March 1st, 2012 at 4:05 pm

LEAVE A COMMENT

Subscribe Form

Subscribe to Blog


Enter your email address to receive updates from My Budget 360:

100% Private & Spam Free.


Popular – All Time

  • 1. How much does the Average American Make? Breaking Down the U.S. Household Income Numbers.

  • 2. Top 1 Percent Control 42 Percent of Financial Wealth in the U.S. – How Average Americans are Lured into Debt Servitude by Promises of Mega Wealth.

  • 3. Is college worth the money and debt? The cost of college has increased by 11x since 1980 while inflation overall has increased by 3x. Diluting education with for-profits. and saddling millions with debt.

  • 4. The Perfect $46,000 Budget: Learning to Live in California for Under $50,000.

  • 5. Family Budget: How to go Broke on $100,000 a year. Why the Middle Class has a hard time Living in Expensive Urban Areas.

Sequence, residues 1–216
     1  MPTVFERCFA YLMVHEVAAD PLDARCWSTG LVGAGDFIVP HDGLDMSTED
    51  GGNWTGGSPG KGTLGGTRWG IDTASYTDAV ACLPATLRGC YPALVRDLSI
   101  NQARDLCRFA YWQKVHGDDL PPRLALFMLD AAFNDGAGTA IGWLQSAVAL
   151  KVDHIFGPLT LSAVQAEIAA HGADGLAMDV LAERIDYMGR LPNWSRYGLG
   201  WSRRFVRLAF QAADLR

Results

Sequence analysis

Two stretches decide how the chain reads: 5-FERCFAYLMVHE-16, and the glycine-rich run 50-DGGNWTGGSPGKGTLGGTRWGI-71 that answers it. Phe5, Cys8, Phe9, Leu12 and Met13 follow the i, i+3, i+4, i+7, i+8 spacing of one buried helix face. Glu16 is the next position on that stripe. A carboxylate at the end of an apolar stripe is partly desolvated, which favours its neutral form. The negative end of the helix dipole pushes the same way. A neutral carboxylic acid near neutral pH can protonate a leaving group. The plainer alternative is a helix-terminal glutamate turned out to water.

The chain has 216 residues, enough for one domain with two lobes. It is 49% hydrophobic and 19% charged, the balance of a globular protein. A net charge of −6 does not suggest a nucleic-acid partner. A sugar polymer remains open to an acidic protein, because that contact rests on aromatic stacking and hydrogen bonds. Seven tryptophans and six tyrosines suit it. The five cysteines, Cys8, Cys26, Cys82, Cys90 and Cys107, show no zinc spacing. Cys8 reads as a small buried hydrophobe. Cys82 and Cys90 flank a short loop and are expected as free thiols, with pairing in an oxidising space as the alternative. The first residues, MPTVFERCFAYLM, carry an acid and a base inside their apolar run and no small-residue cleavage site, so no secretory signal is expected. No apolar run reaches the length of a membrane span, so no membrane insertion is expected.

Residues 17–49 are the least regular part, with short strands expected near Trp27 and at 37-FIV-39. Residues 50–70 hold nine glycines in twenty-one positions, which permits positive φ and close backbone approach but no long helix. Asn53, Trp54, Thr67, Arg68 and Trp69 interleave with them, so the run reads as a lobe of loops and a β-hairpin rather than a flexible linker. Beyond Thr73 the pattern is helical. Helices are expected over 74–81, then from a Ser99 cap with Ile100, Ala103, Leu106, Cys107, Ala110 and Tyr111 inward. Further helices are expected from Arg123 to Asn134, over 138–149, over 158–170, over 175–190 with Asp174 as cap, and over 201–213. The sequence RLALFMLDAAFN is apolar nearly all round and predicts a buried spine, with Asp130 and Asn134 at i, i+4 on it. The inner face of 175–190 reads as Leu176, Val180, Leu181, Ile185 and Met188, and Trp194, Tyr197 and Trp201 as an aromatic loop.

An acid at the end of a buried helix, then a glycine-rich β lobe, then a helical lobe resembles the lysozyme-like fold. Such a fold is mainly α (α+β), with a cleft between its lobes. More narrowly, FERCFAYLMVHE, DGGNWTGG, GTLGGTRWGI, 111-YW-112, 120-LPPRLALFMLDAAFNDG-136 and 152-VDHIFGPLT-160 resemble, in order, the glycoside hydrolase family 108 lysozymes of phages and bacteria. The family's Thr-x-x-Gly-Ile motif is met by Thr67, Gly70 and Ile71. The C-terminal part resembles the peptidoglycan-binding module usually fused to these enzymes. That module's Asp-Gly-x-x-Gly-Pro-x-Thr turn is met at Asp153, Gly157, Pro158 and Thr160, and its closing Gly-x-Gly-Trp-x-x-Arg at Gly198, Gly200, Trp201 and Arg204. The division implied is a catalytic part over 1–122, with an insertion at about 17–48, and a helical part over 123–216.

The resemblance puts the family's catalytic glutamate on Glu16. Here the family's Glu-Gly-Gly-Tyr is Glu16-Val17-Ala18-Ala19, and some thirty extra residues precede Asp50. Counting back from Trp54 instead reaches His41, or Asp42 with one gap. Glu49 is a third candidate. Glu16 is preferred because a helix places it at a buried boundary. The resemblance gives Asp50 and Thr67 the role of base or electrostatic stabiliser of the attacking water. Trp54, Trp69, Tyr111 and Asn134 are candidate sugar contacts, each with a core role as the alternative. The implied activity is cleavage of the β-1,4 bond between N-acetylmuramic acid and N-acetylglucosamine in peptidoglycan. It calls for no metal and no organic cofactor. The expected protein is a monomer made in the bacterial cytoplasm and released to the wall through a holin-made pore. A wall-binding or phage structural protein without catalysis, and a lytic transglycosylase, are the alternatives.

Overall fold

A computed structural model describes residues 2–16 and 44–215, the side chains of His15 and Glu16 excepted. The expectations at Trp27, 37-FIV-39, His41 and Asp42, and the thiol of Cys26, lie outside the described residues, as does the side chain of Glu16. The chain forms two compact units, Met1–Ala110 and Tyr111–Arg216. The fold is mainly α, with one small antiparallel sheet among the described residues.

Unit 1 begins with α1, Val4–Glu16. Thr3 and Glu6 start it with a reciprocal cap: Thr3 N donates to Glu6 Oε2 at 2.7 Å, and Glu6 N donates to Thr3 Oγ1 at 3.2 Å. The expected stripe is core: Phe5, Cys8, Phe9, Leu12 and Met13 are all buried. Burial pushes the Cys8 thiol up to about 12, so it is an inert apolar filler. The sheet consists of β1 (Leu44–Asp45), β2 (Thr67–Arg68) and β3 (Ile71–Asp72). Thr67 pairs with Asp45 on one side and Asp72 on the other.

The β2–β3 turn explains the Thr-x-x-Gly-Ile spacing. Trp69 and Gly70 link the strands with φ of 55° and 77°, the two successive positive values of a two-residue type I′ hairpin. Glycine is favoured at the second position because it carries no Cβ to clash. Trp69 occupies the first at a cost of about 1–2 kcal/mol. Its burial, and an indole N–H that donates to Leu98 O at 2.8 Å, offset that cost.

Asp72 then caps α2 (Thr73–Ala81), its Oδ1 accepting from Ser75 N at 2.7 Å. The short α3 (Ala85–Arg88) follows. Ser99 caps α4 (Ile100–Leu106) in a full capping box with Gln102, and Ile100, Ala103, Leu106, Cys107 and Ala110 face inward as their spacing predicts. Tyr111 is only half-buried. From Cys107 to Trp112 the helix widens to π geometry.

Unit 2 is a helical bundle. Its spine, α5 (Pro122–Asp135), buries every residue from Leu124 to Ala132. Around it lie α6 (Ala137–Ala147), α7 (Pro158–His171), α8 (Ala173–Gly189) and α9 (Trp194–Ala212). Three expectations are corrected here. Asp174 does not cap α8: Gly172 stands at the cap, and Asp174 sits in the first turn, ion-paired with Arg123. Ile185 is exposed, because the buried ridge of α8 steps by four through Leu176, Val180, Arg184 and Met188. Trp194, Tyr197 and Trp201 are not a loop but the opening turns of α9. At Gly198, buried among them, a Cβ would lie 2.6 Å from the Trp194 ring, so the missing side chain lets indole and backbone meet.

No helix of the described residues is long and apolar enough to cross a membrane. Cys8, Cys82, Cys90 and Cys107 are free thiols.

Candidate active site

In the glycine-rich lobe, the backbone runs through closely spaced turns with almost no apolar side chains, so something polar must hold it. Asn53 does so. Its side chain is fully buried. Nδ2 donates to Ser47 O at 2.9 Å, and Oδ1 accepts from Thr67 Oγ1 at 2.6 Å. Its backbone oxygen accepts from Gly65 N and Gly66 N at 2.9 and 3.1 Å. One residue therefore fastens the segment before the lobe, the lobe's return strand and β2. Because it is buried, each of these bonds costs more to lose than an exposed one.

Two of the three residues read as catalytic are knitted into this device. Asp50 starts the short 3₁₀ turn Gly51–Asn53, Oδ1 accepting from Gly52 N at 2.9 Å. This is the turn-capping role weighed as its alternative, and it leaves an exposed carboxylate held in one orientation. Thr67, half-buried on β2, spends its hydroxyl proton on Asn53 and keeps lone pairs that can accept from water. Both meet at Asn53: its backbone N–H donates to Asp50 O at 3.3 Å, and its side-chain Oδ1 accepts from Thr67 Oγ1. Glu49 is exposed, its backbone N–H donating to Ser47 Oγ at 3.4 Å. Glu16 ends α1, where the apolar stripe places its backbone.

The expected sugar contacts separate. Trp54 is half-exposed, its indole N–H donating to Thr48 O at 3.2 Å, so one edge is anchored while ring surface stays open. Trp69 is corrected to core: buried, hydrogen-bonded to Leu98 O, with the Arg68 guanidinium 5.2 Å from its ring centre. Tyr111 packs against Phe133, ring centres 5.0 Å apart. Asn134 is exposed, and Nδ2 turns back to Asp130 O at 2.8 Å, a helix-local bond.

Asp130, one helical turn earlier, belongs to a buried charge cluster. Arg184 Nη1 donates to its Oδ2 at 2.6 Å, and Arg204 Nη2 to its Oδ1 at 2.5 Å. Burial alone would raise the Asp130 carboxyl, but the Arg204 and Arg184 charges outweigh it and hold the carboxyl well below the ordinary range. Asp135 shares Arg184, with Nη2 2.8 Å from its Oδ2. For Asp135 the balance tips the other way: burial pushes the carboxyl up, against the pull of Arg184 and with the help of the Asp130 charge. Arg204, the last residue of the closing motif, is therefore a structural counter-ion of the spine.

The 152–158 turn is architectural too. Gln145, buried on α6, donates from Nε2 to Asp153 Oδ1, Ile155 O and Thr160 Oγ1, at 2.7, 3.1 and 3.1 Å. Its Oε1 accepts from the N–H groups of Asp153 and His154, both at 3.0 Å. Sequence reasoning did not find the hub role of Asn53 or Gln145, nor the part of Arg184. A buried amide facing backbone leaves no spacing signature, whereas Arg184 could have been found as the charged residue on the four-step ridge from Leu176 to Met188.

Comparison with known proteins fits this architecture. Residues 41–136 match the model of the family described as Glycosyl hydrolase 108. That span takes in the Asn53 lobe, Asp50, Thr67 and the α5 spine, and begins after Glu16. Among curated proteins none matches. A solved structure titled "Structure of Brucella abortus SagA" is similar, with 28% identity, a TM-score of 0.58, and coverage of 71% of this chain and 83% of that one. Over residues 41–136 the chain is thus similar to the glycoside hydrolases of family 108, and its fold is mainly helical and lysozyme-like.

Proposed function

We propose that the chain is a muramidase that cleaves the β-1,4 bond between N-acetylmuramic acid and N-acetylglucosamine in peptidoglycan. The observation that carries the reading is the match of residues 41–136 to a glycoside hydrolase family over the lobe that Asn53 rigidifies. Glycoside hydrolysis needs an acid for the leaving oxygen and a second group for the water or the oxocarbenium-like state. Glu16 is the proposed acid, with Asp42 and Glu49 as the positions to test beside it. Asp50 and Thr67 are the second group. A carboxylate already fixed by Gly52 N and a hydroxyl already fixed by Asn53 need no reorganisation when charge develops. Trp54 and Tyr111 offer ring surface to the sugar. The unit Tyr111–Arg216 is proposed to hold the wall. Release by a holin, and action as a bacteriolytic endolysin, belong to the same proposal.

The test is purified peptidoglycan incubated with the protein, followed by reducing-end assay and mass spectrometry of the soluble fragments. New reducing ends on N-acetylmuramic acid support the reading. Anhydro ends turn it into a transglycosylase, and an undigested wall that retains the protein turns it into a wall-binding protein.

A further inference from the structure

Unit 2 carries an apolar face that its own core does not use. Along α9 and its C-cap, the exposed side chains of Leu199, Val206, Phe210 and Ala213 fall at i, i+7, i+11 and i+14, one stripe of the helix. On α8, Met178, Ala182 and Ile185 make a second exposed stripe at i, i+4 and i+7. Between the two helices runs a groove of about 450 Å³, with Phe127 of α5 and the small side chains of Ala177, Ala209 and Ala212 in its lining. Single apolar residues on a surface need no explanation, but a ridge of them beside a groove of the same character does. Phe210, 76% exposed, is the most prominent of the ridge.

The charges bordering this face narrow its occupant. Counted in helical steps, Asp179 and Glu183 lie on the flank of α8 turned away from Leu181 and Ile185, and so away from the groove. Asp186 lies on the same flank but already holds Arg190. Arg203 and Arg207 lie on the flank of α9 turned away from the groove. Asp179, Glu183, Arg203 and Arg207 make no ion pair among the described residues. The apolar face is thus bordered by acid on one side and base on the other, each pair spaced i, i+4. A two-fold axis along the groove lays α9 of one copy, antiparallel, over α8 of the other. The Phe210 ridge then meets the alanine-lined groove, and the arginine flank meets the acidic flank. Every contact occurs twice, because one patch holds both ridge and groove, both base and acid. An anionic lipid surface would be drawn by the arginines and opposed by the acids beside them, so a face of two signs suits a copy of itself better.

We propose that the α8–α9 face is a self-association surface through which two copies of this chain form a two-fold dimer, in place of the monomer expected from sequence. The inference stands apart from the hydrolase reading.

• 6. Lining up at Midnight at Wal-Mart to buy Food is part of the new Recovery. Banks offering Mattress Interest Rates. The Invisible Recovery Outside of Wall Street.

  • 7. You Cannot Afford a $350,000 Home with a $75,000 Household Income!

  • 8. Crisis of generations – younger Americans moving back home in large numbers. Student loan default rates surging largely due to for-profit college expansion.

  • 9. The next massive debt bubble to crush the economy – 10 charts examining the upcoming implosion of the student loan market. $1 trillion in student loans and defaults sharply increasing.

  • 10. Welcome to the new model of retirement. No retirement. In 1983 over 60 percent of American workers had some kind of defined-benefit plan. Today less than 20 percent have access to a plan and the majority of retired Americans largely rely on Social Security as their de facto retirement plan.
  • Categories



    wordpress stats